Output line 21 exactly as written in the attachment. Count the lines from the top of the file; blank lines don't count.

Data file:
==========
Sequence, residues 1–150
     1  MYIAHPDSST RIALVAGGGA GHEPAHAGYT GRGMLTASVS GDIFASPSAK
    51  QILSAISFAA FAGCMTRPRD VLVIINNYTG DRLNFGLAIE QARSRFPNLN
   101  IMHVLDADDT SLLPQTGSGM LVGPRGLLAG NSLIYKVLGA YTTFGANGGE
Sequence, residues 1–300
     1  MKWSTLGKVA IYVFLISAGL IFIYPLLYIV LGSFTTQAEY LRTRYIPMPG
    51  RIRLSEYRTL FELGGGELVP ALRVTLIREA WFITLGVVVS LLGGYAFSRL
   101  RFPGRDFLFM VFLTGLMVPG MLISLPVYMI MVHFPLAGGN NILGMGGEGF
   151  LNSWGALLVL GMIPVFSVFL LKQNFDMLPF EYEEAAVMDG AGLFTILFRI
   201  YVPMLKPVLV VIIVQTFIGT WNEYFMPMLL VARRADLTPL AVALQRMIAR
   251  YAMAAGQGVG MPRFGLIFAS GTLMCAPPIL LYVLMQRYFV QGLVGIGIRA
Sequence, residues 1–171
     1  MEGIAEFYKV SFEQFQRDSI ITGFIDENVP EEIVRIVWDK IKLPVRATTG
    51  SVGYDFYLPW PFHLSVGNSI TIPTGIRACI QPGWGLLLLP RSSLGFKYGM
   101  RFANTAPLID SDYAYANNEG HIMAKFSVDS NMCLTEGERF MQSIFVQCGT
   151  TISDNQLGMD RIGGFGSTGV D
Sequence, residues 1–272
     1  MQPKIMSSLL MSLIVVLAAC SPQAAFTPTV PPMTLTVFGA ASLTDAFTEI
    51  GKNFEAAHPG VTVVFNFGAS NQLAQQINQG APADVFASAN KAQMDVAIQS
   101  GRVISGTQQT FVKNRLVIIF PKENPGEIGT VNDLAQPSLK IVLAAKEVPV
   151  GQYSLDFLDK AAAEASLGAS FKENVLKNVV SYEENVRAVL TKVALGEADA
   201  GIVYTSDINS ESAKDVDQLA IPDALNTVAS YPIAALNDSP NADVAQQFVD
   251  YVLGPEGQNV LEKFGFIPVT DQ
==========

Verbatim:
   151  GQYSLDFLDK AAAEASLGAS FKENVLKNVV SYEENVRAVL TKVALGEADA